Generic Criticism

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Generic Criticism
What is Generic Criticism?
* Foss (2009) defines generic criticism as “the assumption that certain types of situations provoke similar needs and expectations” (p. 137). * According to Oliver and Duff (2012), “Genre can be defines as a pattern of communication that conforms to community norms. Genres are not fixed, but are constantly evolving and emerging.” (p. 373) * According to Northrop Frye, genre studies are not just about classification, he believes that "the purpose of criticism by genres is not so much to classify as to clarify. . . traditions and affinities, thereby bringing out a large number of relationships that would not be noticed as long as there were no context established for them." (Measell, 1976, p.1) What elements make up a rhetorical genre?

* The first element is a situational requirement which calls for a specific type of response. * The second element is made up of substantive and stylistic characteristics which make up the content and form of the rhetoric deliver by the rhetor. * The last element is the organizing principle which Foss describes as “the label for the internal dynamic of the constellation that is formed by the sustentative stylistic, and situational features of the genre. (Foss, 2009, p. 137-138) Important Theorists

* Edwin Black
Black proposed the following:
1. “There is a limited is a limited number of situations in which a rhetor can find himself.” 2. “There is a limited number of ways in which a rhetor can and will respond rhetorically to any given situation type.” 3. “The recurrence of a given situational type through history will provide a critic with information on the rhetorical responses available in that situation” (Foss, 2009, p. 138). * Lloyd F. Bitzer The focus of Bitzer’s study was on recurring situations. According to Benoit (2000), he “explicitly rejected other influences on the production of rhetorical discourse” (p.179). His belief was that “From day to day, year to year, comparable situations occur, prompting comparable responses; hence, rhetorical forms are born and a special vocabulary, grammar, and style are established.” (p. 179). Bitzer wrote that ". . . the situation is the source and ground of rhetorical activity--and, I should add, of rhetorical criticism." Measell (1976) explains that this means that the “rhetorical discourse is a response to the elements of exigence, audience, and constraints within a situation that invites rhetorical utterances” (p.1). * Anthony Paré and Graham Smart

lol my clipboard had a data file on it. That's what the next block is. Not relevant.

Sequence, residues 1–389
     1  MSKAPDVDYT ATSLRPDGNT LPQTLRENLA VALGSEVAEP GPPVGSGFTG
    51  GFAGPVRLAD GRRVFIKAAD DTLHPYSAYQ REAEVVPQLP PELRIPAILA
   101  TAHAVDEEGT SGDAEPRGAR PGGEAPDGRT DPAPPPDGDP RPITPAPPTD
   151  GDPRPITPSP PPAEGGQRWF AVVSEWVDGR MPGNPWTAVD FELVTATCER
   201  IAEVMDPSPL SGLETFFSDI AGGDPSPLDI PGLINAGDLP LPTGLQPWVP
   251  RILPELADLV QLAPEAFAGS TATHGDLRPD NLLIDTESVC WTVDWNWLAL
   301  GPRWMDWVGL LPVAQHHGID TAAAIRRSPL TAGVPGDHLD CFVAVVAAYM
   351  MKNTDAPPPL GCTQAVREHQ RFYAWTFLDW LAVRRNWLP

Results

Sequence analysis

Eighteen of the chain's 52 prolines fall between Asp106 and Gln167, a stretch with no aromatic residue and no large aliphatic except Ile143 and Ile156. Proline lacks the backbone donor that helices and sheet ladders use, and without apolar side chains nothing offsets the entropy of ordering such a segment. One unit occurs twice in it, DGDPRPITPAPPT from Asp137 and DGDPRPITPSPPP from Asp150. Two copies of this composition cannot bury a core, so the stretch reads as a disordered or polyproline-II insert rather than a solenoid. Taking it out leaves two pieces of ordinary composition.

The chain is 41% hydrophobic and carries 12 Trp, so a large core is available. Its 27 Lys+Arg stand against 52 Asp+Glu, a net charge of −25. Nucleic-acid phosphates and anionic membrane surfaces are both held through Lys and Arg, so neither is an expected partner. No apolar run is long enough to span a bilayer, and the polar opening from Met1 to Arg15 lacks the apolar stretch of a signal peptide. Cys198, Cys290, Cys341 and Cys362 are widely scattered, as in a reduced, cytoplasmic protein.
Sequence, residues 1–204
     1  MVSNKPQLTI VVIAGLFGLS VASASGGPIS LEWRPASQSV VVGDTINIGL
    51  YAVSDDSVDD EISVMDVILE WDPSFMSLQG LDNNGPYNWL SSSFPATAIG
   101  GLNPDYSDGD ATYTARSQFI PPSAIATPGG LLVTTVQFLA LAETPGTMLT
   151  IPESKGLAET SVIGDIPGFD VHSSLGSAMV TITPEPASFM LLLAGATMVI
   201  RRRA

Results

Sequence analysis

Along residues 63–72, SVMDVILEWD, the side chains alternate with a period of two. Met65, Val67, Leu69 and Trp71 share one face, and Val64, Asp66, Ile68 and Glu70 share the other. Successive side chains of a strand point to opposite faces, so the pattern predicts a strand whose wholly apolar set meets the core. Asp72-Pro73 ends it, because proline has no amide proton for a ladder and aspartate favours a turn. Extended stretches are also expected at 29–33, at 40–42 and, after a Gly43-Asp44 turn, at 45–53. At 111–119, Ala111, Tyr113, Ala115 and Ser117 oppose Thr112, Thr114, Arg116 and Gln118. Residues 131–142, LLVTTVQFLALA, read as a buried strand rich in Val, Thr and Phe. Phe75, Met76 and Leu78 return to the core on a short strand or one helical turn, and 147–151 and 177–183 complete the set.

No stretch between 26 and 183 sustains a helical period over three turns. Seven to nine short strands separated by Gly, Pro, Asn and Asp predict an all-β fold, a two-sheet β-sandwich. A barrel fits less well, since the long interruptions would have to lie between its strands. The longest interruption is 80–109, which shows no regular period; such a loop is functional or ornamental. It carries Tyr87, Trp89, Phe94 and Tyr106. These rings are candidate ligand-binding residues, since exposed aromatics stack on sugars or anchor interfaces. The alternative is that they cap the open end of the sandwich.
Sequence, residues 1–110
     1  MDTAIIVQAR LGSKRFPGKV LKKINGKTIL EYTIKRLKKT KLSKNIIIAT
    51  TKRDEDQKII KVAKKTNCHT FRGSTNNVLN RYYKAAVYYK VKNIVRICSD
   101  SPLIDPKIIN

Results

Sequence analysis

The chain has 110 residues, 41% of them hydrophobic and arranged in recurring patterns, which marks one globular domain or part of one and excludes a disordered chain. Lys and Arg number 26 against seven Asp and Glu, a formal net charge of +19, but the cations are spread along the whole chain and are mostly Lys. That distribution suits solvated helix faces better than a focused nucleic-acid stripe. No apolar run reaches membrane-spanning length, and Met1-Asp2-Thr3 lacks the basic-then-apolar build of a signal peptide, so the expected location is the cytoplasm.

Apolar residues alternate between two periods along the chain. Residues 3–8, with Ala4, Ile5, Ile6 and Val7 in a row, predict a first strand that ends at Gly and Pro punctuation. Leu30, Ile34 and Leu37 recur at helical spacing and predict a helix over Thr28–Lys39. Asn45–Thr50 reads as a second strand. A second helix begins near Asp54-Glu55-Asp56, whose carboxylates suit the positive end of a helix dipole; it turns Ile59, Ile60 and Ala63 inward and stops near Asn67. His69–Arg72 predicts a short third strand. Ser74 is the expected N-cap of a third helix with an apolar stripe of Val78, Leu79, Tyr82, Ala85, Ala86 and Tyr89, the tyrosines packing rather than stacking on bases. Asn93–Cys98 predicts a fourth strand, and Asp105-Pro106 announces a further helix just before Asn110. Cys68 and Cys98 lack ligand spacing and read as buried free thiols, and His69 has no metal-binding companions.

Their belief, according to Foss (2009), is that “textual features such as styles and modes or argument, regularities in the composing process such as information gathering and analysis of information; regularities in reading practices such as where, when, and why a document is read; and the social roles performed by writers and readers so that no matter who acts as a social worker, judge, or project manager, the genre is enacted in much the same way” (p. 139). * Mikhail Bakhtin

Chen states that (2003), Bakhtin’s belief is that “genres are not ‘the devices of stringing together’ formalistic features but ways of conceptualizing the world” (p. 3). According to Chen (2003), Bakhtin stated that human consciousness possesses a series of inner genres for seeing and conceptualizing reality” (p. 3).

Select an Artifact
* Generic Description – When doing generic description you need to examine several rhetorical artifacts that may come from different time periods and may be in various forms in order to determine if a genre exists. You need to analyze specific features of the rhetorical artifacts and then generalize them in order to decide if a genre exists. * Generic Participation – When doing generic you need to choose an artifact that seems like it belongs a specific genre and test it against a genre to discover whether it belongs to it. Another possibility is to select an artifact which does...
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